$330 million Auckland rail network rebuild to begin in 2023

KiwiRail will begin a $330 million rail network rebuild across Auckland in early 2023 which will help to future-proof the rail network for decades to come.

KiwiRail Rail Network Rebuild

Credit: KiwiRail

KiwiRail have announced major upgrades to rail lines across Auckland which will pave the way for more frequent commuter trains when the City Rail Link opens and will help future-proof the rail network for decades to come.

The $330 million rail network rebuild will see sections of rail lines across the city temporarily closed over the coming years, so that the rock foundations under the tracks can be removed and rebuilt. The work will move progressively across the Auckland passenger rail network, starting in early 2023 with the section of the Southern Line between Ōtāhuhu and Newmarket and the Onehunga Line.

“City Rail Link (CRL) will allow more commuter services, not just in Central Auckland but across the city, however, for that to happen we need to make sure the existing rail lines can physically handle that growth,” David Gordon, Chief Operating Officer for KiwiRail, said. “Like roads, rail lines wear out from use. We’ve been undertaking routine maintenance and replacing worn out track and sleepers and we’re now moving on to something more fundamental. The rail network rebuild involves replacing the rock foundations (formation and ballast) underneath the tracks, some of which haven’t been renewed since the Auckland network started being built in the 1870s. Given the scale of what we have to do, using our normal evening, weekend and holiday line closures could take decades to get it done. Even closing sections of line but allowing some peak services would push the completion date well beyond the start of CRL operations, which is unacceptable. Replacing the railway foundations will remove the growing number of speed restrictions that have been placed on the network in recent years and make it much more resilient. For Aucklanders it will mean more reliable trains, faster journey times, and is crucial to enabling the more frequent trains to come with CRL day one.”

“We appreciate that the extended closures of some of our lines will create some added uncertainty for our passengers, so we are working tirelessly to put in place the best possible alternative transport options for passengers affected by this work,” Darek Koper, Group Manager for Metro Services at Auckland Transport (AT), said. “After this work is complete and CRL opens, Auckland will have a faster, more reliable rail network which will serve our passengers for decades to come and help keep Aucklanders moving as our city continues to develop and grow.”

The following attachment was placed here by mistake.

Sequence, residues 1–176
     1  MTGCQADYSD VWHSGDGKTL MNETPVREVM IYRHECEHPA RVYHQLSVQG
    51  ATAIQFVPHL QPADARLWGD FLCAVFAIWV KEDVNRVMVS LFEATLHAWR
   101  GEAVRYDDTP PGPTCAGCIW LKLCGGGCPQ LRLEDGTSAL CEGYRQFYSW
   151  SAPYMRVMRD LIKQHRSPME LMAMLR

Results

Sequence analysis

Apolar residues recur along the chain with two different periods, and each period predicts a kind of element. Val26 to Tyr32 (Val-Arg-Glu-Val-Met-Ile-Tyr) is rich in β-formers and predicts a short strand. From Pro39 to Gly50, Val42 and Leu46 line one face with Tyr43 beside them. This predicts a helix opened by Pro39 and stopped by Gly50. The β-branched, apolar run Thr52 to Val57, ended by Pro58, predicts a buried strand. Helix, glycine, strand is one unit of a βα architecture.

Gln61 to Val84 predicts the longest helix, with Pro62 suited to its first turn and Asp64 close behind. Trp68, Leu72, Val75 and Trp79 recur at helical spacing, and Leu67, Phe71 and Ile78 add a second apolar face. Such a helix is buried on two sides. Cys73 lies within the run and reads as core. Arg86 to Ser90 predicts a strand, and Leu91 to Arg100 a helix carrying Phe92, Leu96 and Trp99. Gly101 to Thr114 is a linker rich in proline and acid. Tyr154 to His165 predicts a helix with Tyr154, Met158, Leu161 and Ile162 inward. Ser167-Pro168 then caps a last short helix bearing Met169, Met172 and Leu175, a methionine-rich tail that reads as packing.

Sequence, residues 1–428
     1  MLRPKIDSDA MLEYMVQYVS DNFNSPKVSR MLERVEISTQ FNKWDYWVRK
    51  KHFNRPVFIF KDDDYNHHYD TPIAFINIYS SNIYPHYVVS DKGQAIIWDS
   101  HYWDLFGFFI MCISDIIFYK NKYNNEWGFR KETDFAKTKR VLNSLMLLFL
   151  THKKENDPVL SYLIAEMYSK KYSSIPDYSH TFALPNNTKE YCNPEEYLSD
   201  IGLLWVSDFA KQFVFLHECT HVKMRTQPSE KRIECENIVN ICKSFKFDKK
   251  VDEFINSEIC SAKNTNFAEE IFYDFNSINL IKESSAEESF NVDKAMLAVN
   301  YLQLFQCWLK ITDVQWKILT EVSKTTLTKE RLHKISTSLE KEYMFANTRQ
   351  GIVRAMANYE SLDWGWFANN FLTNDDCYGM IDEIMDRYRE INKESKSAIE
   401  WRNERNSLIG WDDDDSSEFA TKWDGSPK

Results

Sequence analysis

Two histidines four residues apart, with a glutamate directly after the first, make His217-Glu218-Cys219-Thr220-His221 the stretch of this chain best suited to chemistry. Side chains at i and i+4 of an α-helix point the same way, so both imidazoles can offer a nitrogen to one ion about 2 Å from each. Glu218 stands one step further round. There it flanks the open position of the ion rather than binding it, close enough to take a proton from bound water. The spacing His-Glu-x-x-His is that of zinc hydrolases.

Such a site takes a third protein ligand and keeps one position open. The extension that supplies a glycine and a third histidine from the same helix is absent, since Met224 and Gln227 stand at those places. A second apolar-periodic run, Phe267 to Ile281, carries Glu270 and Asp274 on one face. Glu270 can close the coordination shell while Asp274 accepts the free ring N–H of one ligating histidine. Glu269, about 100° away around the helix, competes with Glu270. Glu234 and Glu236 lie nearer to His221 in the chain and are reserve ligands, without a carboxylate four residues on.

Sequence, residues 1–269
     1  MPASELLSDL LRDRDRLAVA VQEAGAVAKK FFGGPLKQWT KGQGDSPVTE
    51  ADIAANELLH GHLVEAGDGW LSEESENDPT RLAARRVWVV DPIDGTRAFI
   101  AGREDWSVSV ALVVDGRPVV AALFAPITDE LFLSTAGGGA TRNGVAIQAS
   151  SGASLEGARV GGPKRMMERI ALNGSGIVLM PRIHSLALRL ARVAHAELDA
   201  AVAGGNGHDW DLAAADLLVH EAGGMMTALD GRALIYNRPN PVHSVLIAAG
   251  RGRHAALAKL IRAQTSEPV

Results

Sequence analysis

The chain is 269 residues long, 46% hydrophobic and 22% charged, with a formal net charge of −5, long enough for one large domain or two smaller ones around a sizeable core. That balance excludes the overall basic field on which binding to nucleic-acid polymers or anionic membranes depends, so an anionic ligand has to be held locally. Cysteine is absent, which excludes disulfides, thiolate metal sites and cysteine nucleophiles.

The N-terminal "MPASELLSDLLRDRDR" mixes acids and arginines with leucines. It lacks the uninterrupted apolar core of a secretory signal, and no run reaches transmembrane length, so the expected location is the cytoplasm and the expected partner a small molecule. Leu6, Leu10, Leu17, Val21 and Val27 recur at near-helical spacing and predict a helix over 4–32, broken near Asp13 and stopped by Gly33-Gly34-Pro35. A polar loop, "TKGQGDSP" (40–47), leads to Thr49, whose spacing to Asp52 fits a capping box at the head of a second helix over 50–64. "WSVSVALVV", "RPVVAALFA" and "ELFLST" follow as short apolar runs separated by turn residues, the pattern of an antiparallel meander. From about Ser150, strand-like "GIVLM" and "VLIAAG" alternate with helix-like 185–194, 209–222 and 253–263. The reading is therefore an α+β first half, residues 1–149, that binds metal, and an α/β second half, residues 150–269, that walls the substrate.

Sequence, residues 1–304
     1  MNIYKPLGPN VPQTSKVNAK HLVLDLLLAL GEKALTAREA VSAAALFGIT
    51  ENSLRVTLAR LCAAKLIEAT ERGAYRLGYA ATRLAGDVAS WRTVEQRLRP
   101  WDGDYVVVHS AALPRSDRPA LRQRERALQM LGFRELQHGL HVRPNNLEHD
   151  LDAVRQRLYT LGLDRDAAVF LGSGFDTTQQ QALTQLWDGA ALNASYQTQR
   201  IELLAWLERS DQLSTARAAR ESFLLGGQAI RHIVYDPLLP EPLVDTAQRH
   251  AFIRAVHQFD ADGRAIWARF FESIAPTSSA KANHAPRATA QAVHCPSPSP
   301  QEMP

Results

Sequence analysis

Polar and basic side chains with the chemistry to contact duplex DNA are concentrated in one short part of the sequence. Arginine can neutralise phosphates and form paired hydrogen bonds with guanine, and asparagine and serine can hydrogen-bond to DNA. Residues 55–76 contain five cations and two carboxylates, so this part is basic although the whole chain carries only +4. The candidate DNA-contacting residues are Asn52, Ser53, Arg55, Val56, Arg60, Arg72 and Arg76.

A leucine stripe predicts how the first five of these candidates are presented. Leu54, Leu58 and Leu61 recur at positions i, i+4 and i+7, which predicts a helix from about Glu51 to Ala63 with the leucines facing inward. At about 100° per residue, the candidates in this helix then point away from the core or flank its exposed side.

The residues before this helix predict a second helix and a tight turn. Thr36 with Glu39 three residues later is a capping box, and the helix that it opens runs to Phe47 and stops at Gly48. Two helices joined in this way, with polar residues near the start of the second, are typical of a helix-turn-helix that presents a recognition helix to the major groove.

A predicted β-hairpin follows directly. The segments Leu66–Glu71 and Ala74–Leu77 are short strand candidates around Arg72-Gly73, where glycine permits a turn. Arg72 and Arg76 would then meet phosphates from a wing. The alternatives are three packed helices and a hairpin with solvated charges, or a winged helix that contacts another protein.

Following the usual Christmas/New Year network-wide closure, the Southern Line between Ōtāhuhu and Newmarket and the Onehunga Line will remain closed until late-March. Work will then move to the Eastern Line, which will be closed for most of 2023. KiwiRail and AT are currently working through the schedule for the next sections of work in 2024.

The majority of the rail network rebuild is expected to be finished before CRL construction is complete by the end of 2024. It is likely some lower patronage lines such as the Manukau–Puhinui Line, the Swanson–Henderson section of the Western Line, and the part of the rail network between Newmarket and Britomart (which will see a substantial drop in train frequency once CRL is running), will be completed after CRL is open. 

“As we work on each stage of the rail network rebuild over the next few years, our teams will also be linking in with other rail improvement projects and doing proactive maintenance – dealing with issues that would otherwise need to be resolved later on – to avoid further disruption,” Gordon continued. “Once the rebuild is finished, the network will be up to a modern standard. We’ll need ongoing track maintenance to keep it that way, but this will be designed to avoid any major disruption.”

A map of the network’s rebuild schedule can be found below.

KiwiRail schedule map

Credit: KiwiRail